6. Computer Game Design

Students playing video games in their dorm rooms can now avoid a lecture from their parents by majoring in computer game design. Computer game design programs were nearly nonexistent a decade ago. Today more than 150 colleges offer programs and courses in game design.

Some programs, like the computer games development program at DePaul University, focus on the programming of games while others, like the game art and design program at the Art Institute of Phoenix, concentrate on the visual design. Michigan State University is launching a Serious Game Design master's degree program in the fall of 2007 for students with "a desire to create and study games which change the world." The International Game Developers Association offers resources, including a scholarship, for students interested in game design.

7. Forensic accounting

The controversy surrounding recent corporate scandals has drawn attention to the expanding field of forensic accounting. While it has existed for many years, forensic accounting is now the fastest-growing field of accounting. Forensic accountants are like money detectives – they investigate suspected financial mishandling and assist in legal matters. Forensic accountants must have a broad understanding of business practices beyond standard accounting skills.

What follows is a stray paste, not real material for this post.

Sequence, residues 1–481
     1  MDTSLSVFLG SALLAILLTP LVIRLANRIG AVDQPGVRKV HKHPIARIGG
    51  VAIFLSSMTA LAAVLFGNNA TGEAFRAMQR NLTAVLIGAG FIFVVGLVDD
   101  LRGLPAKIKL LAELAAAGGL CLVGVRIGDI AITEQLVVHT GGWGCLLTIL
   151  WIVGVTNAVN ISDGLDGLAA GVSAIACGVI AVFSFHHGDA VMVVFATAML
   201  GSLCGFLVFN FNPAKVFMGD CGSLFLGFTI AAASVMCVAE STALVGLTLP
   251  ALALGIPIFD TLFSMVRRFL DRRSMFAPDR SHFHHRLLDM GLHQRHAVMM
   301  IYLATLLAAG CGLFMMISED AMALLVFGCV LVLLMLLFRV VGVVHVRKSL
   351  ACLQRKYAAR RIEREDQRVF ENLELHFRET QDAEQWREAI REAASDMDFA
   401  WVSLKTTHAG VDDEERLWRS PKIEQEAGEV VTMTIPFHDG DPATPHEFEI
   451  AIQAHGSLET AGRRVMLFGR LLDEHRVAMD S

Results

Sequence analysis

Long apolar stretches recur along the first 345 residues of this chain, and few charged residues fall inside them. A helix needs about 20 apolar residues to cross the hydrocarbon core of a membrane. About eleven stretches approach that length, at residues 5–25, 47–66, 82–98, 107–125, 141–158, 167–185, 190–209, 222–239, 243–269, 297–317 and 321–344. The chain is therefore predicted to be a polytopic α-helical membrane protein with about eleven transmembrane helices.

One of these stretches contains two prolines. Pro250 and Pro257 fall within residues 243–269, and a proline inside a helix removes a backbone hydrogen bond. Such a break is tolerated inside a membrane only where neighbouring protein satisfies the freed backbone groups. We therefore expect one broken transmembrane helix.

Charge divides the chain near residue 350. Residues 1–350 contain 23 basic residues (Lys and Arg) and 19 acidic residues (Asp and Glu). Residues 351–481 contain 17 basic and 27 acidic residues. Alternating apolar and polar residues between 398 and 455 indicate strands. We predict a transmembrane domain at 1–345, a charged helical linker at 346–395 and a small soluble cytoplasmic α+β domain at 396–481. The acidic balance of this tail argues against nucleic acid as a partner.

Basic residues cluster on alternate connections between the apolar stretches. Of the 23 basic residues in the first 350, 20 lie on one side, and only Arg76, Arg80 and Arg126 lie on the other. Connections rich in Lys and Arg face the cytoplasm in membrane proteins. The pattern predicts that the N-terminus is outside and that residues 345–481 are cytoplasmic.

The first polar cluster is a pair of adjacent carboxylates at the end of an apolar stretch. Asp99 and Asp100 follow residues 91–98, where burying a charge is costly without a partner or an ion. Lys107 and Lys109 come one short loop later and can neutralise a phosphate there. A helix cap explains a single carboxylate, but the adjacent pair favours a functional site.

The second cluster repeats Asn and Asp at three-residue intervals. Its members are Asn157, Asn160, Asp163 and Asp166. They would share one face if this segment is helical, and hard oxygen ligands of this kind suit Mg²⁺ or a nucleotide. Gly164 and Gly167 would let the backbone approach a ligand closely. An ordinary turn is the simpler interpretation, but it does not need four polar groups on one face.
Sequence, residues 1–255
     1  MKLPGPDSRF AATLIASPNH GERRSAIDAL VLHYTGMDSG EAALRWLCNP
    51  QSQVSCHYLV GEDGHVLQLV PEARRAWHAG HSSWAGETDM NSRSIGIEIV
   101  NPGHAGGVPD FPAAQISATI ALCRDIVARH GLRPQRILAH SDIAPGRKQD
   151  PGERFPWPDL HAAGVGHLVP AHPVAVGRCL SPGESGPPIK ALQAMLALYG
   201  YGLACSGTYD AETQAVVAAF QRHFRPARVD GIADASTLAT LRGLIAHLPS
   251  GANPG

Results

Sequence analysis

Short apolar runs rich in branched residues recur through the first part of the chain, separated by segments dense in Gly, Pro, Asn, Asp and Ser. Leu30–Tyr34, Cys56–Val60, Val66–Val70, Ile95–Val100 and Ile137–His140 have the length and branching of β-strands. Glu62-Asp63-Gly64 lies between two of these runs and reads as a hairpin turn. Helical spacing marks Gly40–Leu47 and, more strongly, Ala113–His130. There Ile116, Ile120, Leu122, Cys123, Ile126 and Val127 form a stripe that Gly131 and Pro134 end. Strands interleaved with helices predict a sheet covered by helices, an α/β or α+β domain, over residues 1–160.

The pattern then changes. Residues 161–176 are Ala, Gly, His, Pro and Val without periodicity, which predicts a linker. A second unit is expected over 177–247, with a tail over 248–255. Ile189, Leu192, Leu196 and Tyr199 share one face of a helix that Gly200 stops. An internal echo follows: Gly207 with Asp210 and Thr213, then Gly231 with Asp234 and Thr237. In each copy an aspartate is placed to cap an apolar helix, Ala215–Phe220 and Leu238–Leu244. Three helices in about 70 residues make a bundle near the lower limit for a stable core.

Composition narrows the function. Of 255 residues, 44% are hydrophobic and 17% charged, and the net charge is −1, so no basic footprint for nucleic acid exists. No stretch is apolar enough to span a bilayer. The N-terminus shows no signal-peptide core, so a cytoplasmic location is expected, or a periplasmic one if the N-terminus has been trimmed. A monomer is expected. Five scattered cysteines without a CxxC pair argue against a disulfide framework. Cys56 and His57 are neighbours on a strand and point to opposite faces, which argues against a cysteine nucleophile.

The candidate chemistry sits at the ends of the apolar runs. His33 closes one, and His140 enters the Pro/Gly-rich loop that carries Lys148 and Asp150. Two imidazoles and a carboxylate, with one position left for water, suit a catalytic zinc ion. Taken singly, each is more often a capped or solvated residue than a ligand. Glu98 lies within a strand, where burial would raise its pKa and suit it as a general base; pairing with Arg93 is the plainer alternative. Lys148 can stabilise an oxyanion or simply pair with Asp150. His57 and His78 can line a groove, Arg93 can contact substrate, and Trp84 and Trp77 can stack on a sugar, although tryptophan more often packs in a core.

Bachelor’s degrees in forensic accounting, like the program offered at Franklin University, are required for most careers in this field. Students can also earn a master’s degree and post-graduate certificate through a program like the one at West Virginia University.

8. Human Computer Interaction

Human computer interaction (HCI) majors focus on designing ways to improve human experiences and work practices with technology. HCI investigates the impact of technology on individuals and organizations. While courses in this field have been offered since the 1960s, degree programs in HCI have been growing. Human computer interaction majors are usually located in schools of computer science, but studies are multidisciplinary.

Most HCI programs are at the graduate level, like the program at Iowa State University, but some, like the HCI program at the New Jersey Institute of Technology, have a bachelor's degree program.

9. Society and the Environment

Society and environment majors study the interactions between society and the environment. Degree programs in this field go by slightly different names, like Indiana University’s joint environmental science and public affairs degree and Columbia University’s climate and society program. Students in these majors apply social science theories to environmental issues. Most programs are at the master’s degree level, but programs like the one at UC-Berkeley offer undergraduate degrees as well.

10. Nanotechnology

Developments in technology have made it possible to control matter at smaller and smaller levels. The field of nanotechnology works with systems at the molecular level and can be applied across many different disciplines, including physics, engineering and chemistry. Interest in nanotechnology is growing and is being encouraged by the National Nanotechnology Initiative, organized in 1998.

Most nanotechnology programs are at the graduate level, but several programs provide a background in nanotechnology studies, like bachelor's program in nanosystems engineering at Louisiana Tech University.